Now another important connection that comes through in these readings is between what Jesus is doing now and what God has done in the past. Calming the seas is something that God can do. The passage from Job in the first reading reminds us of this. You may recall the context of this passage. Job, the just man, is being tested by Satan. He is inflicted with tremendous suffering and loss, family, household, livestock, possessions along with physical, psychological, and spiritual torment. Quite the “perfect storm.” He is tempted by his friends to admit he must have done something wrong to deserve such treatment. He maintains his innocence. His friends are convinced that he must have something that displeased God which deserves punishment.

Such is the case when God interrupts the argument of Elihu, one of Job’s companions. He speaks to Job as the creator of the universe. The one who, among many things listed in the full speech, “shut within doors the sea, when it burst forth from the womb; when I made the clouds its garment and thick darkness its swaddling bands? When I set limits for it and fastened the bar of its door, and said: ‘Thus far shall you come but no father, and here shall your proud waves be stilled!’”

His point to Job and his friends is that man cannot possibly grasp the full understanding of who He is and what He does. He is God and His abilities are endless. Shortly after this, God delivers Job and restores Him to health, peace, and prosperity.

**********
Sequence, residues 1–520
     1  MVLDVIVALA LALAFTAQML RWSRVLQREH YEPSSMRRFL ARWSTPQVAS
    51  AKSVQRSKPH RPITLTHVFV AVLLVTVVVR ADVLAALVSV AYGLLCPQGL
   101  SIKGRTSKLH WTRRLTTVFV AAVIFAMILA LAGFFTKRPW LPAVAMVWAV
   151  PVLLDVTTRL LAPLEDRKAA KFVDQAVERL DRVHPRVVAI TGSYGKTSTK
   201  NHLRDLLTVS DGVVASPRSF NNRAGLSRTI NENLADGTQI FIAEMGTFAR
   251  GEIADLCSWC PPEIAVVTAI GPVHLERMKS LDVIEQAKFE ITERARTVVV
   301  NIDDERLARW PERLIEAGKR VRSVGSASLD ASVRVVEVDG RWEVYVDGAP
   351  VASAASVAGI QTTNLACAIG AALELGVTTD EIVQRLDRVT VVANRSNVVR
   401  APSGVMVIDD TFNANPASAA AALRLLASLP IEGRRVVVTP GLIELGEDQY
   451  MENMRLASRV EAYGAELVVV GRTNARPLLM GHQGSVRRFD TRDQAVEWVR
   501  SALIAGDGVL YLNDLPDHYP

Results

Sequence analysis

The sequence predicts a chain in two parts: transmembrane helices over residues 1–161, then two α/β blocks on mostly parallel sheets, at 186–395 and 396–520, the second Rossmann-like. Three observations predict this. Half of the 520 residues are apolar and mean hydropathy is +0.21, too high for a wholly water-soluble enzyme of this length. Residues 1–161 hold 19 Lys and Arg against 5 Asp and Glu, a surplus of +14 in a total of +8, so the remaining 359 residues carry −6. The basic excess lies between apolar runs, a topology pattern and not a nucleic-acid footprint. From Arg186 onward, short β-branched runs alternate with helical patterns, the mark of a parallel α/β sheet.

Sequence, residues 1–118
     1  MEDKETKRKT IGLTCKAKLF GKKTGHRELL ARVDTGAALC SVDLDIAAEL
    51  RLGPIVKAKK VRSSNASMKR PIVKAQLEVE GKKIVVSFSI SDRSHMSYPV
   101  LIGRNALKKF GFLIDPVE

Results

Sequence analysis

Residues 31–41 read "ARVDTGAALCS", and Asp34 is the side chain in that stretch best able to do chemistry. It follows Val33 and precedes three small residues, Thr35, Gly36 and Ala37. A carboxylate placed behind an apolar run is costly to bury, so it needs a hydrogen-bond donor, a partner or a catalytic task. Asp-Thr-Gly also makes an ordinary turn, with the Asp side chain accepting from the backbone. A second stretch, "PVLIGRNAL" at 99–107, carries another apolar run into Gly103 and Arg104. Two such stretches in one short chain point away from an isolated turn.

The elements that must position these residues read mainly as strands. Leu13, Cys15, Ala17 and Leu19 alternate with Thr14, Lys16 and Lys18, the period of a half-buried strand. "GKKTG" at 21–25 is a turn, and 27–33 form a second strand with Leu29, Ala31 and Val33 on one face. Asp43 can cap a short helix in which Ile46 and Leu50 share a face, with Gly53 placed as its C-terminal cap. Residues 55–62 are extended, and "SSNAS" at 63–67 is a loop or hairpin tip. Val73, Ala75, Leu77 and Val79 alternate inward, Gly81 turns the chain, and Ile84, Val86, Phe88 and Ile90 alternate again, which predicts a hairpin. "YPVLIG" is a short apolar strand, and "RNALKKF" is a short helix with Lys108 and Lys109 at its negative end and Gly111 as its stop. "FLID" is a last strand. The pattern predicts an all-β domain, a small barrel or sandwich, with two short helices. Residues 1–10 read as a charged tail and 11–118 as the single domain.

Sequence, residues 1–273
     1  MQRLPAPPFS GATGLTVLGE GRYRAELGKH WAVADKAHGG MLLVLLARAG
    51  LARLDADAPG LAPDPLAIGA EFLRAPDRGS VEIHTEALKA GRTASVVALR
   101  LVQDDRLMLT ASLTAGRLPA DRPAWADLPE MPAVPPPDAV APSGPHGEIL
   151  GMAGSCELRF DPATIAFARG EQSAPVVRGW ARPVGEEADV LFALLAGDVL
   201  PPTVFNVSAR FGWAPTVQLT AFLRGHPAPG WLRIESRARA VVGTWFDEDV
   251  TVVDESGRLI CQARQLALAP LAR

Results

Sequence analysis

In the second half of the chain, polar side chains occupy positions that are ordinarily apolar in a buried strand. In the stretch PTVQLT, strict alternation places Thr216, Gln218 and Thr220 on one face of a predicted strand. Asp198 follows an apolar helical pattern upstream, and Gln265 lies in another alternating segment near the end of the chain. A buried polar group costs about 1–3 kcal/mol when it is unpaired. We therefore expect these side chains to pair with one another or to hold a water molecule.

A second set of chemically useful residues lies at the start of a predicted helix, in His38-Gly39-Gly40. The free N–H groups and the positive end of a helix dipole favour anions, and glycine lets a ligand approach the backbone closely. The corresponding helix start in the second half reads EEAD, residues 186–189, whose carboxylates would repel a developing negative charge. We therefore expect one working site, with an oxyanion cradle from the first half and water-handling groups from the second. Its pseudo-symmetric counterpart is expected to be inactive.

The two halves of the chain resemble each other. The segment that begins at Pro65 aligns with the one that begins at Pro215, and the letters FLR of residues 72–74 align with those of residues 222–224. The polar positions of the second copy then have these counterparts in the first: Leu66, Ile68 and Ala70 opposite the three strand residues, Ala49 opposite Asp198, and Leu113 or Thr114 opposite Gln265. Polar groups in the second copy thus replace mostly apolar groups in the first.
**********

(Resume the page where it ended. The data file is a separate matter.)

God’s power over creation is mirrored in Jesus. The same God who created the sea and storms is the one who can calm the winds and waters. Psalm 107 poetically tells of God delivering a people from a storm. The first stanza recalls the storm rising. The people’s “hearts melted away in their plight.”

The second stanza recalls their deliverance when they called upon the Lord – “He hushed the storm to a gentle breeze, and the billows of the sea were stilled.”

Finally, the third stanza recalls the people rejoicing and praising the Lord for His kindness. The God who saved in the past, now delivers His people through Jesus, His Son.

Life at times has its challenges. Sometimes they might seem to converge in a “perfect storm.” However, in the midst of all the turmoil, one thing that remains constant is God. He is there in the storms of life with us.

Jesus invites us once again to faith, to believe in Him. He is the One who will see us through the storm to a peaceful and tranquil place. He is the One who has the ability to calm the waves that hit us.

He is the One who with outstretched hand pulls us up. He is the One who can say “Quiet! Be still!” and have it happen.

***

Msgr. Joseph Prior is pastor of Our Lady of Grace Parish, Penndel, and a former professor of Sacred Scripture and rector of St. Charles Borromeo Seminary.